PRAYER. 117 tumult, all upside down. There is a miserable and tormenting inversion of things: the first is last, and the last is first, and there is no midst; but, centuries after, we shall see that even in this very moment thou hast been shaping some new pinnacle in thy temple, thou hast been moulding some new star in thy skies ; thou hast been doing all things well. Give us the larger view, save us from all things that are provincial, parochial, small, local, miserable; give us views from the great spaces ; let us see things in their roundness and wholeness : then we shall sing on the day of peril as on the day of wedding, saying, " He hath done all things well" Lead us through all changes of life, all its scenery and business and family relationships, and show us that all these things are in God's hand and not in ours; and may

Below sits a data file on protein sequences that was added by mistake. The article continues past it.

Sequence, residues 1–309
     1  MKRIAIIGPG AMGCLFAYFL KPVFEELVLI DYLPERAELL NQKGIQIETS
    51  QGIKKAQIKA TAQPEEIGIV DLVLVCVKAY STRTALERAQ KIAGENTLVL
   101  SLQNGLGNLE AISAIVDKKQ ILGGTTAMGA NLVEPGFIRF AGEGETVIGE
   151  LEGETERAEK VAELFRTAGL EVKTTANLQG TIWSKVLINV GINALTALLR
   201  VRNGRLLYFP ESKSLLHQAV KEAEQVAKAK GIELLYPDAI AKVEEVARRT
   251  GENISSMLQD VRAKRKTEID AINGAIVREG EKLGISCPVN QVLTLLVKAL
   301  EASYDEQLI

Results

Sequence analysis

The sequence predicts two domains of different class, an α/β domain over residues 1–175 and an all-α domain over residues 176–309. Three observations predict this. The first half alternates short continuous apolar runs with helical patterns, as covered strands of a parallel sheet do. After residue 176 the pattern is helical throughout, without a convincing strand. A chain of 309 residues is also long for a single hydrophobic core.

we know that the universe is thine, not man's, and that thou art making heaven wide as infinity ! The Lord rebuke us not with his great wind, or we shall be carried away into the wilderness and be lost ; speak to us whisperingly when thou dost deliver thy rebukes to our souls, lest we be cast down and withered up. Make our way for us in life. Many are now at a stubborn gate ; it will not open, the key is lost, it would be wrong to climb over it: help us on this side of the perplexing gate to fall down and pray ; then when we arise the gate will be wide open. Direct us in all our business affairs. We think we are clever when we are only insane. The Lord show us that all buying and selling, and coming and going, are in his own hands ; it is his to make rich and to make poor : may we be faithful, industrious, praying always for the sagacity that is just, and for the justice that is rich with mercy ! Be with our dear ones on the sea, with our loved ones far away in the colonies, and in foreign lands, and in strange places. Thou canst make it home wherever they are ; thou canst so fill them with hope and light and sweet expectancy that they shall forget all time and distance and separation and accident, and unite in holy sympathy with us at this moment. We pray for those who are farther off still — prodigals who dare not pray; they may not, they think, lift their debauched lips towards heaven ; they have worn us out, they have killed their father and their mother, and made all other life within their reach a shadow and a pain. Yet the prodigals are still thine ; they have taken a long way round, but even yet thou wilt bring them all home. We bless thee for the dead who have died in the Lord : the fight is over, the crown is won, the heaven is entered. Sometimes we say, " Would God we too were dead and crowned, that the devil might have no more part or lot in our vexed lives 1" Bind us to thy cross, thou Saviour of men. Amen.